Peace is the tranquility of order in the midst of turmoil and chaos; it’s the very nature of Christ in us (Jn 14:27): an implicit, thankful trust in the eternal purposes of God, enabling us to walk in unspeakable joy in every circumstance. (1Pe 1:7-8) Christ is always at peace in Himself, and He offers Himself to us as peace; His yoke for us is easy, and His burden is light. (Mt 11:29)
Even so, peace seems elusive since our old nature resists the prescription, though it’s elegantly straightforward: Great peace have they which love thy law, and nothing shall offend them. (Ps 119:165)
The life of Christ in us loves Torah (Ro 7:22), and those who love Torah not only find peace, we find great peace.
The goal of Torah is to equip us for the godly life (1Ti 1:5), enabling us to understand that God has a plan, a purpose in all He allows, that His plan is good, and that He’s carrying out His plan according to His pleasure; nothing can stop Him. (Da 4:35)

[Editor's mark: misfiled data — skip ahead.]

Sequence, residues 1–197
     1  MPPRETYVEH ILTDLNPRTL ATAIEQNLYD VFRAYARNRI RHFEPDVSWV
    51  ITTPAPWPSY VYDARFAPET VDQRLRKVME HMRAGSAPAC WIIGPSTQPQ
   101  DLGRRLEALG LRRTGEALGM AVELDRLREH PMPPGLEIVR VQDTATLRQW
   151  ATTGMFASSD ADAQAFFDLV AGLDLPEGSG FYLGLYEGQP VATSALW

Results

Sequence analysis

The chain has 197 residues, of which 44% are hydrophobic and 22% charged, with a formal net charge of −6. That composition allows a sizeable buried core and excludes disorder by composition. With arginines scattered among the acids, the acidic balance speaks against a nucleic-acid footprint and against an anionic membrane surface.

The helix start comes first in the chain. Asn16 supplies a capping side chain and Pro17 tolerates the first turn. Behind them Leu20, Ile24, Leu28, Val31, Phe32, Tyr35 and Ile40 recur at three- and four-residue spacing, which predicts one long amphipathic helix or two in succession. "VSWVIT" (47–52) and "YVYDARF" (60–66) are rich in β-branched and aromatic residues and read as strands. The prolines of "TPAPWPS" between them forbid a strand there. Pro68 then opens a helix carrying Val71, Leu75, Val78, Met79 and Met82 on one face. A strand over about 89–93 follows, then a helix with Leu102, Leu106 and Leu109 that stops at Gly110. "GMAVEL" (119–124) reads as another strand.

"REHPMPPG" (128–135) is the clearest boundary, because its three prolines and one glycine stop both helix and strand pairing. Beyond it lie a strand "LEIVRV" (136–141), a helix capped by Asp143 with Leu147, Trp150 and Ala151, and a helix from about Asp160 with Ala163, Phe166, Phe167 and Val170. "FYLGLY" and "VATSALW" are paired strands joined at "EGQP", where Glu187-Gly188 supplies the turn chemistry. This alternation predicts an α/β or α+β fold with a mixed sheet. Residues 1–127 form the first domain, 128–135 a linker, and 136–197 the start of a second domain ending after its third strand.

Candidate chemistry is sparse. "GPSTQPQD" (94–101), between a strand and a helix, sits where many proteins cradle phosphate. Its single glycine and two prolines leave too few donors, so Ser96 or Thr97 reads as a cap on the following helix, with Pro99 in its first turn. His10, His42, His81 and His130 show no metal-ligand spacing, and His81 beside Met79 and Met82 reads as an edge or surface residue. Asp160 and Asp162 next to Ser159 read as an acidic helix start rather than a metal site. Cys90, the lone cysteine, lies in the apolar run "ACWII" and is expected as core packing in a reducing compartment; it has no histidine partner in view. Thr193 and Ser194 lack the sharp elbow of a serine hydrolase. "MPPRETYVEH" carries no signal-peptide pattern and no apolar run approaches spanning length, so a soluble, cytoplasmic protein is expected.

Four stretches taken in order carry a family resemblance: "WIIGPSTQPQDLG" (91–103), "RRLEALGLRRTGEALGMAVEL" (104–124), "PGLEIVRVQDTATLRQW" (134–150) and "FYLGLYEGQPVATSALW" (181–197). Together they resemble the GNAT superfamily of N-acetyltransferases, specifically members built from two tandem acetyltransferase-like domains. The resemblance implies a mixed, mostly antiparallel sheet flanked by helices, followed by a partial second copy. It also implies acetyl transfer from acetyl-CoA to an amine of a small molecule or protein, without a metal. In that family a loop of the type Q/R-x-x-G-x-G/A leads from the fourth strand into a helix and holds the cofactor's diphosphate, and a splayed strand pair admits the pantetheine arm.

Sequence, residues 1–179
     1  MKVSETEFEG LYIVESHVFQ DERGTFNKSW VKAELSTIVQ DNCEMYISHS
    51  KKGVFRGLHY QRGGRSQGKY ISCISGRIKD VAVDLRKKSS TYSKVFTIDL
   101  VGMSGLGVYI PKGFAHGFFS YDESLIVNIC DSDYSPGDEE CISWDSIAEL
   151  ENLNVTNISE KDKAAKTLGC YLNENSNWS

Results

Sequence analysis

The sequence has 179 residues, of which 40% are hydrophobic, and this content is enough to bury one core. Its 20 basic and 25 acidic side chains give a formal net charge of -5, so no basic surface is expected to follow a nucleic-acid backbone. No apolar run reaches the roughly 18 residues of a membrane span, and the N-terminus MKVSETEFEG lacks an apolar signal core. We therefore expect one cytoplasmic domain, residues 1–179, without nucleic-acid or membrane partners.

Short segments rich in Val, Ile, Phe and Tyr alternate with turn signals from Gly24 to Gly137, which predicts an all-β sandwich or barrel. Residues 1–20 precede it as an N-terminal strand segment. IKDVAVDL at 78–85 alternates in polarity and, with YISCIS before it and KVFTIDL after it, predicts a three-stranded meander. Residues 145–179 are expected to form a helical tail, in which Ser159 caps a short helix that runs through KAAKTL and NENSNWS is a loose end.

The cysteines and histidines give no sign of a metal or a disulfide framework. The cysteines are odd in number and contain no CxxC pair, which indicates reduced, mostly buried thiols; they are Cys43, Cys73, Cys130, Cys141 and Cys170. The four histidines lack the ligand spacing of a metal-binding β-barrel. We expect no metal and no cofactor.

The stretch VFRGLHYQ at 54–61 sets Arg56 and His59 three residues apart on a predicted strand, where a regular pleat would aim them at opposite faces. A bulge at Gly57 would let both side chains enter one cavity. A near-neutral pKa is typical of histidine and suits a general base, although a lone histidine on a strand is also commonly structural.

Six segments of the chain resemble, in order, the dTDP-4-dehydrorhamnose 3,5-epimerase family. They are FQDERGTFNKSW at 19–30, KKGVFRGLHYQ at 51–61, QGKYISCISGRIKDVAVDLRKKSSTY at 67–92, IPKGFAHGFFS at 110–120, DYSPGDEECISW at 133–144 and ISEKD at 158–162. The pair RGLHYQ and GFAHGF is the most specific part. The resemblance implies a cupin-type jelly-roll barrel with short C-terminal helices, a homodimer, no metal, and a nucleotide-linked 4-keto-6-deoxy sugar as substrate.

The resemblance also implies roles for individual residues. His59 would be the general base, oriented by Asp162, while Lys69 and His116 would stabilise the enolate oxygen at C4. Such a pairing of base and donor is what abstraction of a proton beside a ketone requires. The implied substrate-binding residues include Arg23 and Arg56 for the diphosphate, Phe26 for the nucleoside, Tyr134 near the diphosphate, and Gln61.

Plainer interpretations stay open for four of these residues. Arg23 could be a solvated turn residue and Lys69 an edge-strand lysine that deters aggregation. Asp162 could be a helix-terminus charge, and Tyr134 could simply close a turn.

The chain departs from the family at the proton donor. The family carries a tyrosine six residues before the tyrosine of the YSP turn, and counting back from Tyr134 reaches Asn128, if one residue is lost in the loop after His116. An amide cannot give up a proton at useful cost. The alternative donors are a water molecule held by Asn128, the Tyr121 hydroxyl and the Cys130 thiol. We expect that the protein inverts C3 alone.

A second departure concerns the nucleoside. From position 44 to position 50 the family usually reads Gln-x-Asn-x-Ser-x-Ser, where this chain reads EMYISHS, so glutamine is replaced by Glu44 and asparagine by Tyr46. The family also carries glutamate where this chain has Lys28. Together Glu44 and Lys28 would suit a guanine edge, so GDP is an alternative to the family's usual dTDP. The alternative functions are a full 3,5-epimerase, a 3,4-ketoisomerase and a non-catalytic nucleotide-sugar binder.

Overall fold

In this knowledge, it’s impossible to be offended, to lose confidence in God, or to lose our hope in Him; with our eyes in eternal focus, nothing can happen to us or about us that will cause us to stumble in pursuing Him, or in seeking to please Him. (2Co 4:16-18) Torah defines moral reality; nothing else can, so being aligned with moral reality inoculates us against being offended, and maintains our internal order in the midst of conflict.
Peace isn’t the absence of conflict, it’s understanding that God’s in control in the midst of trouble, working out His glorious purpose. Peace is glorying in and rejoicing in His purpose, knowing He will glorify Himself in everything He allows. (Ro 5:3) The Father isn’t worried, anxious or afraid, and the Son is always doing what He sees the Father doing. Abiding in the Father and the Son (Jn 14:23), this is where we find life and peace. (Jn 17:3)